Congress faces a Sept. 30 deadline to agree on a short-term funding bill that would avert a government shutdown.

The White House has asked that $44 billion in extra emergency spending be tacked on to that bill.

It's far from a sure bet that the White House will get everything it is asking for. Last year, repeated requests from the Biden administration for extra funding for the COVID pandemic went unfulfilled.

Here's how this year's request breaks down.

Ukraine: $24 billion

This request faces resistance from some Republicans in the House, though the White House has said it's confident that there are enough votes to help support Ukraine in its efforts to push back Russia's invasion. The total includes:

  • $13.1 billion for military equipment and replenishing U.S. Department of Defense stockpiles as well as continued military, intelligence and other defense support
  • $8.5 billion for economic, humanitarian and security aid to Ukraine and other countries affected by the war
  • $2.3 billion for the World Bank

Federal Emergency Management Agency: $16 billion

The White House initially asked for $12 billion to replenish FEMA's depleted Disaster Relief Fund. But by the end of August — after wildfires on Maui and in Louisiana, flooding in Vermont, and a major hurricane in Florida — that was deemed insufficient. The new ask: $16 billion dollars.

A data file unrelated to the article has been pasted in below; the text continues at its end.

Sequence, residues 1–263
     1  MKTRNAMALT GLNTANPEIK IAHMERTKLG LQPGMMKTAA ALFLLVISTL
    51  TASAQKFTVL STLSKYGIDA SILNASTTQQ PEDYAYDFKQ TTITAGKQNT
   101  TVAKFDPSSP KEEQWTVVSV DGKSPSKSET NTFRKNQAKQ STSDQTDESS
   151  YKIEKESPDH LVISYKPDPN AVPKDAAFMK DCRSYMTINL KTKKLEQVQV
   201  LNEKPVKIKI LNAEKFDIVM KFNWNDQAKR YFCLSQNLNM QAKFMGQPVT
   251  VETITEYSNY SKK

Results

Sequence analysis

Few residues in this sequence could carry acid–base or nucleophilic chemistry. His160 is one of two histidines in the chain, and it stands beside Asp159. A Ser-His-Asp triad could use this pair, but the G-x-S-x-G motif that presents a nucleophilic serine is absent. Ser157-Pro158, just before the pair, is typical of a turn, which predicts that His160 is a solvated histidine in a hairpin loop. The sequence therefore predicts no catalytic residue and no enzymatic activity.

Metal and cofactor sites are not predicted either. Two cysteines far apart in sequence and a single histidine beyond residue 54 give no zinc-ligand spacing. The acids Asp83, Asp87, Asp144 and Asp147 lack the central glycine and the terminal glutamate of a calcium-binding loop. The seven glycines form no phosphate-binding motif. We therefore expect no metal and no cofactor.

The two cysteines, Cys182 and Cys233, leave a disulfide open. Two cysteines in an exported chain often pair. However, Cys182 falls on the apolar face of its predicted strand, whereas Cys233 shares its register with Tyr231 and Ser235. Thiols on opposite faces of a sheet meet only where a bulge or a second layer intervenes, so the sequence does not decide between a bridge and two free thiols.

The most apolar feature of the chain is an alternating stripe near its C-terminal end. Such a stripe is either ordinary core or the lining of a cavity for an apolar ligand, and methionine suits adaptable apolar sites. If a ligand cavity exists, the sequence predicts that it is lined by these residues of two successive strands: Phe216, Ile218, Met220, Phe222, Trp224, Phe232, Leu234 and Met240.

Border security: $4 billion

The administration is looking for extra money for several departments to help deal with fentanyl trafficking and provide help to migrants at the southern U.S. border. This total includes:

  • $2.2 billion for Homeland Security for border management, shelter and services for migrants
  • $416 million for Homeland Security to counter fentanyl trafficking
  • $800 million for the State Department for migration needs
  • $350 million for Health and Human Services for prevention, treatment and recovery services for fentanyl
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